Tuesday, April 24, 2007


Tell Me What You Think of My Hair

On the list of things men would really rather not do, “get a haircut” probably ranks in the top 10. It ranks slightly ahead of “eat yogurt,” well behind “tell a woman what he is thinking” and far behind “purchasing The Essential Barry Manilow.”

This contrasts heavily with women, who will announce their intentions to get a haircut well in advance. They will gaze analytically into mirrors for periods of several minutes before declaring to their significant other, “I think I may need to cut my haircut.” The internal commentary of the man they are speaking too will usually come to life at this point, and he’ll think, Either it is or it isn’t. Let me know when you’ve made a choice.

He will, if he’s intelligent, not say this out loud. If he’s sagacious enough, he knows that being asked what he is thinking on a regular basis and always being vague in response is a better plan than simply saying what he is thinking. Otherwise, he’d die single and Post™ Raisin Bran would be the most elaborate meal ever prepared in his home.

He knows that she may choose to have her haircut the next day. Then again, maybe it’ll be the next week; who knows when the woman will have the financial resources and the spare afternoon she requires for such an undertaking. She’s simply stating out loud that this is going to happen sometime, thus providing adequate preparation time to notice when she has a new style, plus adequate rationale for outrage when he fails to do so.

This is the only explanation that makes sense to guys. We tend not to deliberate on such things for more than a day or two. One day, we simply wake up, see ourselves in a mirror and wonder what hedgehogs have given their lives to be our skullcaps. It’s then that we decide to visit the barber.

Note that I distinctly said “barber” in the last paragraph, as opposed to “beautician” or “stylist.” We would prefer to have the deed done by another man, one who is cognizant of how little we want to be sharing our hygiene habits with anyone else, and who will absolutely, positively never ask us what we are thinking.

In many ways I am distinctly male: I cannot cook, I try to explain my opinion in as few words as possible and I consider Leonardo DiCaprio’s movies worse than facing a firing squad. However, my attitude toward hair styles has not been shared by many of my gender.

I have often viewed haircuts as a way of emulating those I admired. In the period leading up to my teen years, the one I admired was MacGuyver.

Emulating Richard Dean Anderson’s appearance did not make me a celebrity, nor did it enable me to create make-shift explosives out of devices you might find in a convenience store. It simply gave me long hair in the back of my head, and by the time I reached eighth grade only a minority of my classmates shared this look.

Furthermore, I had a feeling that this minority would spend a lot of their future years in convenience stores, not searching for the parts of potential makeshift explosives, but probably looking for employment and/or methamphetamine ingredients.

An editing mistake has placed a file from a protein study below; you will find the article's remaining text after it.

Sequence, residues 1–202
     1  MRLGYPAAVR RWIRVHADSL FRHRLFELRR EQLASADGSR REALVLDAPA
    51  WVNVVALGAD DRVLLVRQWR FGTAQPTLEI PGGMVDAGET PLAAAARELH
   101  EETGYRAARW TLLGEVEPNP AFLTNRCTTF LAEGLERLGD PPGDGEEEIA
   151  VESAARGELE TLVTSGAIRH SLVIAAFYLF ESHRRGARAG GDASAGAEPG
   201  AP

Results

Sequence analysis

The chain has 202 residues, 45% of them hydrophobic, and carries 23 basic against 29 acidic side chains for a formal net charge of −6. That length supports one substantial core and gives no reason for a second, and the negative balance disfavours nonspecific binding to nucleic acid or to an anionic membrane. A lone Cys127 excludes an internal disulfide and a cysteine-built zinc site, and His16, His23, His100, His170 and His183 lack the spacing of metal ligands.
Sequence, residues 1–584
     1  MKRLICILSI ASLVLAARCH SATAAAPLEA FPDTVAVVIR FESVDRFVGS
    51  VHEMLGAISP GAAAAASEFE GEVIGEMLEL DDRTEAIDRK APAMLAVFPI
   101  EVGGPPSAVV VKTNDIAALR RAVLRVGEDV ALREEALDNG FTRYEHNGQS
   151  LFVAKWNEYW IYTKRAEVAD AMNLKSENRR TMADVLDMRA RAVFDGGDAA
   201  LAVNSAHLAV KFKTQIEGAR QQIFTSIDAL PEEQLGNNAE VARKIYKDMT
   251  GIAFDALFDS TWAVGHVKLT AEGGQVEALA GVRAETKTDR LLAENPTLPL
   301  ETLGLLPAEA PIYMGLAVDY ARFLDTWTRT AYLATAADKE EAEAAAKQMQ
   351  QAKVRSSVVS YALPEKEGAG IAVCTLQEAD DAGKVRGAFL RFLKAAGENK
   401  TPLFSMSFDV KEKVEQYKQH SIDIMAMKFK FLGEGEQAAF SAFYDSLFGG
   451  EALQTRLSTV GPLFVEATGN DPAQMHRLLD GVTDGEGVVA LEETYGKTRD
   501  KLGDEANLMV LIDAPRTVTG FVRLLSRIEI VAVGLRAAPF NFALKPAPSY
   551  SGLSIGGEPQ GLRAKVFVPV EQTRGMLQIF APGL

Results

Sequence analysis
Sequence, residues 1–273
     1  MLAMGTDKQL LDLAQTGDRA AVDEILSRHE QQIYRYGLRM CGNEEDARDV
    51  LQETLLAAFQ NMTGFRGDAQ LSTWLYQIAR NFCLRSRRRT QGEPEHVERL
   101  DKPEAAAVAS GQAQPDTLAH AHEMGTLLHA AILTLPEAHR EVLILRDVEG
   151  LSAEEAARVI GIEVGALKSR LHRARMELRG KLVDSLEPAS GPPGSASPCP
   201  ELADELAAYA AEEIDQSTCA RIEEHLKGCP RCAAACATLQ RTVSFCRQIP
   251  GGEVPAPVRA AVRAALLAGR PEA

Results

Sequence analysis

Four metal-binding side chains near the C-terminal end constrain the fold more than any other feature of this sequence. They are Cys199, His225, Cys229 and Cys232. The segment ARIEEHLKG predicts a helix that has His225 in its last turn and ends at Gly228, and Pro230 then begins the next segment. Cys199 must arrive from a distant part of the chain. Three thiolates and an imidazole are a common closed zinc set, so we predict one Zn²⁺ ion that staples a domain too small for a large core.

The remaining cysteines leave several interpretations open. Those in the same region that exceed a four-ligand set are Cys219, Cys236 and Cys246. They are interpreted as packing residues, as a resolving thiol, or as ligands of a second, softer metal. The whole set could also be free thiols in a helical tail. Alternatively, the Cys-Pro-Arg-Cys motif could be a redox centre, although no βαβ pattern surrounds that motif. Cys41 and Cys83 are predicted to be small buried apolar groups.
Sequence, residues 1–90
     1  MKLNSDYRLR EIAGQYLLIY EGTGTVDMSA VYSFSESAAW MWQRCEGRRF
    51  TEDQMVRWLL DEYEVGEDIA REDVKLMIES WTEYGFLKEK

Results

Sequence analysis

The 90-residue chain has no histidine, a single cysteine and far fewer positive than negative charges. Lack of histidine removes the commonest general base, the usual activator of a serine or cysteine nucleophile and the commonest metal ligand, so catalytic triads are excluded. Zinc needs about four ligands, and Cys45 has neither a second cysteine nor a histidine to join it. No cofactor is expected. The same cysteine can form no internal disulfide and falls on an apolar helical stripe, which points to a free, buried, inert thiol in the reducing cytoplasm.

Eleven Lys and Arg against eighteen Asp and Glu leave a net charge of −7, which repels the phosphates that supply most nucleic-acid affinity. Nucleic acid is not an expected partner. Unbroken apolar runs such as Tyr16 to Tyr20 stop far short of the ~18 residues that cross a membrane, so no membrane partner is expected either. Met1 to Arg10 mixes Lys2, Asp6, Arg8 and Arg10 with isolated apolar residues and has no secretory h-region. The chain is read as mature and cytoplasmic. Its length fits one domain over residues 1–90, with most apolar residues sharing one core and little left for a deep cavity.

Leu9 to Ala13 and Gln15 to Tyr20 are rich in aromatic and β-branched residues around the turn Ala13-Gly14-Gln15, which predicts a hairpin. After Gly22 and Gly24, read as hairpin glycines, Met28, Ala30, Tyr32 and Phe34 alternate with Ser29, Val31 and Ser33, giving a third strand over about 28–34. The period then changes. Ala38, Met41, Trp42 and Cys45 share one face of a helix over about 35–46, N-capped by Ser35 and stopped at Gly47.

Therefore, I found new role models in the alternative rock scene of the mid-90s. Anyone who was a teen at this time remembers the style: long enough to deny its wearer serious consideration for good jobs, but not long enough to get caught in automatic sliding doors. My older sisters both married men far more embracing of certain male stereotypes than I, and, being in their 20s, couldn’t understand why any male would want hair down past his earlobes.

Frankly, I’m now the same age they were at that time, and I no longer understand it either. However, I still clearly remember the tension resulting between them and myself when I used the four forbidden words: “Do you have hairspray?” My brothers-in-law regarded this in a way similar to how Republicans react whenever a high-profile Democrat suggests leaving Iraq.

“He hates our way of life,” they would say. “He’s emboldening the enemy.”

Near the end of my college years, I, and nearly every other male my age found a style that was distinctly male yet stylish enough: using gel or wax to flip the front of the hair up while keeping the rest down. The effort required was minimal and result so effective that I haven’t changed styles in more than five years.

Here in Korea, where the people are smaller and nearly everyone seeks an office job, masculinity is interpreted differently. There are many men who cut hair professionally, but not one accurately fits the definition of “barber.” No, these have all the characteristics of male hairstylists: they all have a color scheme atop their heads that resembles one of the new flavors at Baskin Robbins, their physiques are as wide as matchsticks at the shoulders and somehow get narrower in the legs, and their clothes fit like Saran wrap covering a pretzel stick.

When I instruct them to give me a trim, there is a sense that they are overqualified for such a task, but they set out to do it in earnest, possibly because they work with blonde hair so infrequently. It all goes well until the end, when they decide that my ‘do is five years out of date, and attempt to give me a look no man who isn’t a hairstylist can wear to work the next day.

They rarely speak English, but when they finish and give me a chance to look in the mirror, I imagine them wanting to ask me, “Well, what are you thinking?”

What I am thinking, as I sit silently, is "How do I say 'justifiable homicide' in Korean?"

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